The current trends relating to urbanisation, local manufacturing and indoor farming will make the future cities both densely populated and self-sufficient to a great extent.
With growing self-sufficiency, cities are likely to start acting more independently. When some major cities command almost all of the economic and cultural power of a state, they could start considering whether they would like to throw off the yoke of the central government. After all, in the future, the cities will increasingly be only subsidising the other parts of the country.
Especially cities with strong identity would be the ones leading the trend. The inhabitants would start to identify more and more with the city itself, as the country becomes less important. Political views would likely drive this development also; the city-dwellers would prefer more international outlook, whereas those outside of them would prefer centring on domestic affairs.
If such city behaviour becomes wide-spread in some country, the unity of that state might be in jeopardy. Perhaps initially the central government might try to keep the cities from gaining too much power, but this likely proves to be impossible given their large economic, cultural and political influence.
Many countries might develop towards a federation in which the cities act as independent states which have a common central government directing the foreign and defence policies on their behalf.
In the international arena emergence of a large number of new de facto independent city states could create both positive and negative possibilities.
On the one hand, as the competition between the city states would intensify as there would be no central government to redistribute the income from more fortunate areas to less fortunate ones. For this reason, there could be a strong incentive to create a very business friendly as well as tolerant atmosphere. This would mean that the regulations created by the old states would be revised, creating more space for innovation and investment as well as personal choice.
The best led city states would feature practical and light regulations which would enable both a vibrant business and art scenes. Such cities would be the winners. The worse-off cities, however, might end up as local fiefdoms of corrupt politicians, or even as dictatorships.
Although the economic factors would play an important role, various cities would also become hubs for artistic and cultural endeavours. By having larger independence than before, cities could decide focusing on becoming the centre of some specific cultural industry. Also, the cities would also feature various political doctrines and some of them could be ruled by very idealistic, visionary or downright utopia-minded leaders, leading to experimental governmental structures and legislation.
One of the more problematic aspects of the city states would be the difficulty of creating and implementing of international treaties of any kind. If the number of independent states would rise heavily, the collective ability to come up with universally acceptable norms or agreements could be hampered significantly. However, agile and creative cities might reinvigorate the global economy by making trade easier and less dependent on nation-level politics.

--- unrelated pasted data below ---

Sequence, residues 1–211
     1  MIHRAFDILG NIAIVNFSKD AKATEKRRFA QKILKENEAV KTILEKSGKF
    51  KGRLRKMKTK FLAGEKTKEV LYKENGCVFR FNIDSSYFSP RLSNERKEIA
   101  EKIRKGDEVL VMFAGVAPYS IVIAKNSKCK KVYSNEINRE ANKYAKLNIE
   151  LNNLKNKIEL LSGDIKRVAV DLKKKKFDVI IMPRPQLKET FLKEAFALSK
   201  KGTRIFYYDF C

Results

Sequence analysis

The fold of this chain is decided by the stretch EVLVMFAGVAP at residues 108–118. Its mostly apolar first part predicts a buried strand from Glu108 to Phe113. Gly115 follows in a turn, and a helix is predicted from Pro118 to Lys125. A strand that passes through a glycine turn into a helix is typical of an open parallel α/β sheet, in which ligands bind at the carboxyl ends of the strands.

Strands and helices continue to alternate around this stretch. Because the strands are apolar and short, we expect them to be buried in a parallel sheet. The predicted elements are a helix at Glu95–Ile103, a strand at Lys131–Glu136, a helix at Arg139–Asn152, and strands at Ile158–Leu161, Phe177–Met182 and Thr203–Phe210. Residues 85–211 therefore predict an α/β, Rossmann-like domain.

The emergence of city states would not necessarily affect all countries. Especially those states where the differences in development between areas are the greatest, the cities would have the most to gain from independence. However, also in richer areas, where a single city clearly dominates the economic life, the option for independence would be high.
However unlikely it now seems that some major cities would declare independence, the drivers that could bring about the realisation of such a trend are there and they are growing stronger. How would a world which would be made mostly out of networks of independent cities look like? Would it be a more harmonious and peaceful world, without the tensions related to the nation states? Or would it be a chaotic mess without a cleardirection? And most importantly: what will such a future mean to you? Exciting or frightening? Or both?
Foresight Analyst @FuturesPlatform
The colliding phenomena in this analysis
As the megacities constitute an ever-growing share of the global economic activity, it is possible that some of them will strive to become independent states. For example, the desire to avoid funding the less developed parts of the country can form the basis for the drive toward independence. National policies perceived as harmful to the city may also act as contributing factors in the background.
Future cities may develop towards greater self-sufficiency. In that case, most of the food, energy, and clean water production, as well as recycling would take place within the city, utilising various new technologies.
Urbanisation, which began during the industrial revolution, has continued to the present day. Already now, half of the world's population lives in urban areas, and the portion is expected to grow further.
Increasing regulations, ever-expanding bureaucracy and the inability to change old structures seem to waste lots of time and resources. In the future, more straightforward, flexible and less regulation-demanding societal models could become popular. Adoption of such a model would likely have many positive economic and social impacts.
Futurist’s pick of the month (FPOTM) combines current and anticipated trends to create new and surprising images of the future. FPOTM highlights the fact that trends tend to have startling interconnections which may produce extraordinary results. FPM aims to help to see those connections and how they might shape the world.